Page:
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What’s a $4,000 Suit Worth?

post #1 of 123
Thread Starter 
Good read here. http://www.nytimes.com/2012/09/09/magazine/whats-a-4000-suit-worth.html?smid=tw-nytmag&seid=auto
post #2 of 123
.....
post #3 of 123
surprised this isn't getting more posts. Very interesting read for people who aren't too familiar with the business end of suit making.

As with so many things the true craftsmen are on the fringes struggling to get by while the knock-off kings and mass producers are doing big business.

Support said craftsmen so the tradition of tailoring doesn't totally die off imho....
post #4 of 123

"But not everyone is willing to wait. Bespoke suits commonly require three fittings, and that’s after a long consultation. Even the richest customer simply has to wait — sometimes months — before the new suit is finished. No wonder so many pass up a $4,000 bespoke suit for a ready-to-wear Kiton version at twice the price."

 

Interesting but true. It takes weeks to finally get your bespoke suit delivered and ssometimes people aren't patient enough or simply do not have the luxury of time to wait that long.

post #5 of 123
Not really new news, we know tailors are not very rich. Savile Row does get over-used for examples in men's tailoring; however, it is one, people understand. Look at the shops on Savile Row - Ben Sherman, Lanvin, etc, we have seen tailors move away from Savile Row (A&S, Sexton), Hackett have stopped bespoke even though it was outsourced, Gieves focussing on rtw, etc.

Time is not just an issue with bespoke, but also mtm; some people would rather try on a rtw jacket and if it needs altering, they can get it done instore or take it home and use a local tailor - this is can be because of time constraints or people not willing to got through the custom process.

There are other issues like branding, etc and these issues have been discussed before.

The middle paragraph from mfadam does some it up well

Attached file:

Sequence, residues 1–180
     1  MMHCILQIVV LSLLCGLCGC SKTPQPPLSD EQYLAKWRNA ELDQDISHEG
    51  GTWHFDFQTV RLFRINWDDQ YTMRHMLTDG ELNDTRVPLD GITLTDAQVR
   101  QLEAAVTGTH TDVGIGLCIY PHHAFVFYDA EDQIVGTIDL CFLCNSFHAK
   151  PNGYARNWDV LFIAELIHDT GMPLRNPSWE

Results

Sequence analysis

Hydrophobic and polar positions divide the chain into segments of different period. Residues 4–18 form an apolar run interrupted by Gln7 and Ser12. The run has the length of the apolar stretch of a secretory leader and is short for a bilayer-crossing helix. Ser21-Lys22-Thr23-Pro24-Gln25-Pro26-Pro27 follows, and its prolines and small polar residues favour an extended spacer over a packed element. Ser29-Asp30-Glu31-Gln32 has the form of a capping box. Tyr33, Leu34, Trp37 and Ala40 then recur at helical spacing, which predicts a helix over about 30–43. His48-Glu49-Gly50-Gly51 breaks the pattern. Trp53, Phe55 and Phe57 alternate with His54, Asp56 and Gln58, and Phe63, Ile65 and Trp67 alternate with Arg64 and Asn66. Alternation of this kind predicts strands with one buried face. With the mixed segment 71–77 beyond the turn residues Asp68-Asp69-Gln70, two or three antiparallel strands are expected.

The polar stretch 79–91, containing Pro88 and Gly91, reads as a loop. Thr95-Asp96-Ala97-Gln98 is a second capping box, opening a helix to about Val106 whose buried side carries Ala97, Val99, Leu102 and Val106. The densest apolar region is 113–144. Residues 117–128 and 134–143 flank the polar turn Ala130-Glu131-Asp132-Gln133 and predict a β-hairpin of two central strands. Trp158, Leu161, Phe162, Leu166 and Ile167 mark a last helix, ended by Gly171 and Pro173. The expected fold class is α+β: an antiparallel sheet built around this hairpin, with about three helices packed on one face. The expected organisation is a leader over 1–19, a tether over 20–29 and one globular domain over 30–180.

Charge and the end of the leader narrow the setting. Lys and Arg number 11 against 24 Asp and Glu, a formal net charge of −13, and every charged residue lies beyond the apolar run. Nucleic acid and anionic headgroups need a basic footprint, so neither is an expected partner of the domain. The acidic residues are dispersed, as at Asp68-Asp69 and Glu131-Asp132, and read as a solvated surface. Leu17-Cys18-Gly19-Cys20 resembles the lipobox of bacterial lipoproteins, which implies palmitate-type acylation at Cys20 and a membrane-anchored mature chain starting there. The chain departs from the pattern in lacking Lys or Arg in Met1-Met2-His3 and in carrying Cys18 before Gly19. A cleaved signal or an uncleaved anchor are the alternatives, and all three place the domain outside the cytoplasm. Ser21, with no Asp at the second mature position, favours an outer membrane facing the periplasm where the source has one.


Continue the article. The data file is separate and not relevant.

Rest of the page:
" true craftsmen are on the fringes, mass producers are doing big business"
post #6 of 123
I found the cultural undertones of this article interesting. Reading between the lines a bit the author seemed to parallel trends in fashion and clothing production to a new money vs. old money mentality. While none of the information is new to me, I've never really drawn the parallel.

It's equally interesting when you apply that theory to sites like this one, where many of us strive to get to a bespoke level, even though we've been more or less completely educated by the Internet. We're obviously the minority, but still interesting to think that something as fastidious and instantaneous as the Internet can lead people to become interested in and purchase products that are so inherently painstaking to produce and time-consuming to acquire.
post #7 of 123
YUP
post #8 of 123
Interesting article and worth reading. I've given up on judging people for not buying bespoke even if they can afford it though. The idea that bespoke guarantees you will have an impeccable fit, even if such a thing could be universally agreed upon, is just wrong IMHO. As is the idea that all the handwork makes the product unambiguously better, although it definitely makes it unambiguously more expensive.

I like the idea of knowing the person that made my clothes, or at least hired the person who made my clothes, and that they are made individually just for me. But I don't think that people buying RTW are necessarily making a bad decision.
post #9 of 123
Anyone else find it ridiculous that Martin Greenfield was included in this article? If the point of it was how difficult it is to scale bespoke tailoring - a subject worth discussing - then a factory operation, no matter how good, isn't really relevant.

I applaud the author's effort and spirit. A more interesting take, however, would be to show that bespoke tailors don't earn much money from their work, and part of that is due to 1) the handwork involved in good tailoring and 2) the process of conducting multiple fittings. That's essentially why MTM is much more profitable. You don't have to constantly alter the jacket until it fits perfectly.